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20% of People Killed in Traffic in Massachusetts in 2023 Were Pedestrians

pedestrian accident lawyer

In 2023, 346 people died in motor vehicle accidents in Massachusetts. That number includes 69 pedestrians. Though pedestrian fatalities decreased somewhat compared with 2022, the longer-term trend has been more stable. The average number of pedestrian fatalities per year across the most recent 22-year period was 70.2. In other words, despite increasing awareness of the risks to “vulnerable road users” and initiatives to improve safety, Massachusetts isn’t seeing much improvement. At least 40 different cities and towns across the state had at least one pedestrian fatality last year.

In addition, many pedestrians are injured by motor vehicles each year. Boston reported six pedestrian fatalities in 2023, with an additional 587 injuries.

Where Do Pedestrian Accidents Happen?

Unsurprisingly, most pedestrian fatalities occur in cities and towns, not on state highways or interstates. Although high-speed roads are more dangerous for pedestrians, there simply isn’t nearly as much pedestrian travel on highways and interstates.

In 2023, more than half of pedestrian fatalities happened in areas designated as “environmental justice block groups.” When pedestrians who were seriously injured are added to the mix, 50% of crashes happened in these groups. These groups include neighborhoods with low median incomes, significant minority populations, and significant non-English-speaking populations. It might not be immediately obvious why these factors would influence the rate of pedestrian crashes. But, there are good reasons.

First, in lower income areas, people are more likely to rely on foot travel for transportation to work, grocery stores, and other regular trips. These neighborhoods are also often more crowded and closer to high-speed, high-traffic roads.

Other Variables Also Impact Pedestrian Fatality Risk

Certain populations are also at greater risk of being killed in traffic, regardless of location. In particular, older people are disproportionately at risk. In 2023, 31.9% of pedestrian fatalities in Massachusetts involved pedestrians aged 65 or older. More than half of those killed while walking were 50 and older.  The main reason for this higher risk is that older people are often less able to recover from a trauma such as being hit by a car. One older study found that older Americans were at least twice as likely as younger adults to die after being hit by a motor vehicle.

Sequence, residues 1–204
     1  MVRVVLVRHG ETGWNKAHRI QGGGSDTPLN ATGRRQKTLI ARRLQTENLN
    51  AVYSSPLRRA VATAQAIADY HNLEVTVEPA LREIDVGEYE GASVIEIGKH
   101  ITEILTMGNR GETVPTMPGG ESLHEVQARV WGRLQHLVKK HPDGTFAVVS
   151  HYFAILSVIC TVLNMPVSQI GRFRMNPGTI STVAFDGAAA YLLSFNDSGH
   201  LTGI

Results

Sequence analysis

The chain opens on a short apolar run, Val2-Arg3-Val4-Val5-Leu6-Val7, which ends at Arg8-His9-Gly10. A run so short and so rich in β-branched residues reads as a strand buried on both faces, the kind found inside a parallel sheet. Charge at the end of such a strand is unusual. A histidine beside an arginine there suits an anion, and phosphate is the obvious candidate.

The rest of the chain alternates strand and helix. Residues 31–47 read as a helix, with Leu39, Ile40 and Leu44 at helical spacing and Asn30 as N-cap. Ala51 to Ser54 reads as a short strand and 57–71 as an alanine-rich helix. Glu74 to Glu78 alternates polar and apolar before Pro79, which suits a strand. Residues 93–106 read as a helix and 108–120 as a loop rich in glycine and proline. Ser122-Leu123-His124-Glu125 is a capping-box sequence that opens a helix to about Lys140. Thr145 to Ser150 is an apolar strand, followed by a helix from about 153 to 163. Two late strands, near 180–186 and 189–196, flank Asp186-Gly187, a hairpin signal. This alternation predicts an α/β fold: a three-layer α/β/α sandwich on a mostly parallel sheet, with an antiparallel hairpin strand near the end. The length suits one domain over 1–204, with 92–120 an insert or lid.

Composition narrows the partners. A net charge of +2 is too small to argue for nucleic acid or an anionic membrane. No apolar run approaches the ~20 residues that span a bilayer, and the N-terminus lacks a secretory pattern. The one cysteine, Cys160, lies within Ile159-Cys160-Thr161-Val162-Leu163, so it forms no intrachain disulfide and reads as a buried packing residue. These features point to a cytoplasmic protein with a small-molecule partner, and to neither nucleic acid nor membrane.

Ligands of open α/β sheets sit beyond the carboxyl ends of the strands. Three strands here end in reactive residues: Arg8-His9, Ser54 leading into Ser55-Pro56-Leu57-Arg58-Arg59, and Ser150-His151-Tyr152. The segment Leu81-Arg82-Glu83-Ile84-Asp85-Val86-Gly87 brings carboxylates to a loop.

The time of day also plays a role. In 2023, more than 63% of Massachusetts pedestrian fatalities happened between sunset and sunrise. When you add dawn and dusk, that rises to 69%. Lower visibility at night is one explanation for the higher rate of pedestrian fatalities after dark. But, it may not be the only one. For example, 25% of pedestrians hospitalized after being hit by cars on Massachusetts roads in 2023 were under the influence of drugs or alcohol.

Speed also plays an important role. It’s long been recognized that a pedestrian hit by a car traveling at a higher speed is more likely to be seriously injured or killed, and that both driver and passenger have less opportunity to avoid the accident when a car is moving faster. In this year’s report, WalkMassachusetts introduces another variable, described as the cone of vision. The “cone” refers to the area the driver sees, which is wider at lower speeds and narrows to the center of the roadway at higher speeds.

 

Finally, the increasing presence of larger, heavier passenger vehicles like SUVs has increased the risk, both due to greater difficulty  seeing pedestrians on the road and the greater impact of being hit by a higher, much heavier vehicle.

What’s Next for Pedestrian Safety?

Organizations like WalkMassachusetts, the Governors Highway Safety Association (GHSA) and others have long invested in research and recommendations for safety improvements for pedestrians. In addition, the 2021 federal infrastructure bill requires states like Massachusetts, where more than 15% of traffic fatalities are “vulnerable road users,” to devote at least 15% of Highway Safety Improvement Funds to making roads safer for bicyclists, pedestrians, and others in that category.

In addition, WalkMassachusetts is calling on everyone to get involved this year, by leading “walk audits” in places you’re concerned about in and around your neighborhood.

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To schedule a free consultation with attorney Kevin P. Broderick, just call 978-459-3085 right now. Kevin has been helping people who were injured in Massachusetts and New Hampshire for decades, and can provide the knowledge, guidance, and determination you need.

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